Building your own home – six lessons learned

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Buying a home is a lot easier and cheaper than building one from scratch. But the rewards of knowing you’re living in a home-made home sweet home will make it well worth the extra toil and trouble.


By *Maya Fisher-French

An acquaintance who is about to start building her own home asked if she could pop round to chat about our building experience. As we are about to celebrate the first anniversary of moving into our new home, we have the privilege of hindsight. She she asked me to share the lessons learnt, what to avoid and what we did right. Here’s my advice.

Goedkoop is duurkoop

It’s worth paying for good people and good service because it saves you money and stress in the long run. When you start building, money runs out fast and price becomes an obsession, making it harder to focus on the long term costs of that short-term decision.

Our bathrooms vs kitchen experience is a great example. We used a bathroom accessory specialist, buying the bottom range of a quality brand.

The service and advice were excellent, but it was the after sales service that really paid dividends. When  our toilet starting playing up, a repairman was sent by the supplier within 24 hours.

Our bathroom specialist has such a good relationship with her suppliers, that they jump when she calls. If we had bought our goods from a discount warehouse, we would have been on our own – and the prices were not much less. For the same price we could have bought a fancier range of a cheaper product which did not offer the same after sales service.

But we made a mistake in our choice of kitchen provider. We went on price, and although he did a good job it has been impossible to get him to return to the site to do basic repairs. We had to call  in another cabinet maker at additional expense.

Find people who have pride in their work and value their reputation. Ask your builder who they recommend. They know the people in the trade and usually see their finished product.

If you are using a project manager, don’t think you are saving money by not using his subcontractors. He has a lot more pull with them than you do when it comes to recourse. They rely on him for their next job.

Wait six months to do your snag list

At the end of a build there is always a snag list – those things you are not entirely happy with. What we found six months after moving in, is that the house takes time to show the faults. It is only then that you start to notice where corners may have been cut or work not properly finished.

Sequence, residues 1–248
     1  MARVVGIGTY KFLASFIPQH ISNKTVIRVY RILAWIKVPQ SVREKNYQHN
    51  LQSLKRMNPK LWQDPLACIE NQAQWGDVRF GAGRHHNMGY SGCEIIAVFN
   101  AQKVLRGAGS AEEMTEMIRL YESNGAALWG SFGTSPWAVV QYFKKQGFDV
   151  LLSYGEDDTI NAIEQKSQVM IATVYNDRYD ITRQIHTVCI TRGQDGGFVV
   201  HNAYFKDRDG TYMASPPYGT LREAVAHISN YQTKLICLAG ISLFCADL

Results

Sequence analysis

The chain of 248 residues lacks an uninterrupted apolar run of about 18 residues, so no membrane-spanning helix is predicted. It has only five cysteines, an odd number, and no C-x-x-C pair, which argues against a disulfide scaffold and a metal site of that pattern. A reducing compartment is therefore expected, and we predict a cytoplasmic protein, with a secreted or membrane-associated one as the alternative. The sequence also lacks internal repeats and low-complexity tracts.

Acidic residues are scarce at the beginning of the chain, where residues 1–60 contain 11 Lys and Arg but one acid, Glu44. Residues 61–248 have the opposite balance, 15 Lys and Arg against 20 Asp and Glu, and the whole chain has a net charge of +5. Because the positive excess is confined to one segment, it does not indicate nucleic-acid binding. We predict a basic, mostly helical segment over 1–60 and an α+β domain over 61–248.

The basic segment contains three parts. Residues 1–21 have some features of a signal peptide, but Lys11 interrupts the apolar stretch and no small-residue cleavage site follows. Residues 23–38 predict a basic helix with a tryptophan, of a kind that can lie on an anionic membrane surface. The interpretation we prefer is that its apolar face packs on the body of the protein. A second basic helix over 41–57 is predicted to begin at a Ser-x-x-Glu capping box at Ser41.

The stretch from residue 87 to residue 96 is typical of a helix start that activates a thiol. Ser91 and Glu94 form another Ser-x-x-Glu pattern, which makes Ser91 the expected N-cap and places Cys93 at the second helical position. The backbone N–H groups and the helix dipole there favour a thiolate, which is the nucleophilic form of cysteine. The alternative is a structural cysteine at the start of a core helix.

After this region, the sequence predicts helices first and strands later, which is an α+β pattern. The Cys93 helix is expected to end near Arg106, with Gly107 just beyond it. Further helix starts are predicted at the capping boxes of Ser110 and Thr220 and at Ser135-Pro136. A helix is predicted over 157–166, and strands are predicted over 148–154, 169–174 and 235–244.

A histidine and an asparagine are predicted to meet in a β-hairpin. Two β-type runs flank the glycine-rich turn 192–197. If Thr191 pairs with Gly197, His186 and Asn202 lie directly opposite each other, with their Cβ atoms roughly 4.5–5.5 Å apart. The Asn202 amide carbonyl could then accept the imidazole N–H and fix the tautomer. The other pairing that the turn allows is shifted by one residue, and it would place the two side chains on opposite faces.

Then there are settlement cracks. In a perfect world where time and money are no concern, you should leave the house to dry out for months before painting. For the first year your house starts to settle down into the earth and there will be movement. This means settlement cracks. Be prepared and discuss a plan of action with your builder. What cracks are you happy to live with and which need to be repaired. How will these be costed?

Build for loadshedding

Unreliable and costly electricity is a reality, so speak to your electrician about your options. A solar- powered geyser is a no-brainer. In Cape Town, it is a requirement for a new build.

We found that solar panels to generate electricity were still too pricey. We installed conduits, so when the price of electricity soars or solar panel prices fall, we can switch. In the meantime the best option is to connect battery power into your electricity board to provide lighting during loadshedding. A gas hob is also essential. You can cook dinner or make a cup of tea when the lights go out. Put in a fireplace to keep the heating going during cold winter evenings.

Best value for money

Our double glazing has been the best investment of all our “luxuries”.  As we enter our third month of winter, we are yet to turn on a heater. In Cape Town double glazing is a requirement for windows above a certain size when building or renovating. It should be mandatory across the country. It is wonderful to be warm.

Prepare for overspend

No house comes in on budget and there is immense financial strain during the build. For us the most stressful part was the financing and dealing with the bank. For the first time in more than 10 years we had to take out an overdraft. I had sleepless nights, but by focusing on reducing the debt and living on a tight budget for the first year, we have already paid it off. The house will cost you more. It’s how you deal with the finances afterwards that matters.

Accept your home

The best advice I ever got was not to end up “hating” your home. We all have a vision of a perfect  house, but it is impossible to achieve something that can exist only in your mind. If a window is a bit more left than you wanted, or the staircase railing not quite how you envisaged, no-one else knows and this is the house you now have. Do not strive for perfection. It  will drive you mad.

The most important question my friend asked was, “was it worth it? Would you do it again?” I wouldn’t need to because I have my dream home and no desire to leave. Was the process worth it? Absolutely. We were fortunate to have a good builder and good suppliers. While it may have been cheaper to buy a house, we could never have found the home we tailor-built for our family. After a year, I still enjoy every moment in our home.

* Maya Fisher-French is a well-known personal financial journalist and the life force behind financial website and City Press’s My Money My Lifestyle. Her book, Maya On Money: Implement your Money Plan, was published earlier this year.

** This article first appeared on the Change Exchange, an online platform by BrightRock, provider of the first-ever life insurance that changes as your life changes.